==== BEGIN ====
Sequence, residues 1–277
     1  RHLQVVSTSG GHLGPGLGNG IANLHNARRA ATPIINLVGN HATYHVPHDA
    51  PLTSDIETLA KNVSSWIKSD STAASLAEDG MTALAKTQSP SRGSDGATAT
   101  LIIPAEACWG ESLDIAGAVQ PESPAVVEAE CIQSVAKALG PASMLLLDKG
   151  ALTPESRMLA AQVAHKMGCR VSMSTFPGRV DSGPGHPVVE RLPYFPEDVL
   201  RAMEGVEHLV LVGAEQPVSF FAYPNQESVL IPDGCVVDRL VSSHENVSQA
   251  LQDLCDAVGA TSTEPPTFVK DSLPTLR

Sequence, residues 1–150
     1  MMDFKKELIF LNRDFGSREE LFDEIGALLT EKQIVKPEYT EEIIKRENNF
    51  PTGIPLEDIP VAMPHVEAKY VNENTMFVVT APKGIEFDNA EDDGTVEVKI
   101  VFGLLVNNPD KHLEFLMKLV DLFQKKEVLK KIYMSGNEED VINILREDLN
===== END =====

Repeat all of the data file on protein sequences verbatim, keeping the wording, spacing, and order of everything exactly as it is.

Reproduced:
Sequence, residues 1–277
     1  RHLQVVSTSG GHLGPGLGNG IANLHNARRA ATPIINLVGN HATYHVPHDA
    51  PLTSDIETLA KNVSSWIKSD STAASLAEDG MTALAKTQSP SRGSDGATAT
   101  LIIPAEACWG ESLDIAGAVQ PESPAVVEAE CIQSVAKALG PASMLLLDKG
   151  ALTPESRMLA AQVAHKMGCR VSMSTFPGRV DSGPGHPVVE RLPYFPEDVL
   201  RAMEGVEHLV LVGAEQPVSF FAYPNQESVL IPDGCVVDRL VSSHENVSQA
   251  LQDLCDAVGA TSTEPPTFVK DSLPTLR

Sequence, residues 1–150
     1  MMDFKKELIF LNRDFGSREE LFDEIGALLT EKQIVKPEYT EEIIKRENNF
    51  PTGIPLEDIP VAMPHVEAKY VNENTMFVVT APKGIEFDNA EDDGTVEVKI
   101  VFGLLVNNPD KHLEFLMKLV DLFQKKEVLK KIYMSGNEED VINILREDLN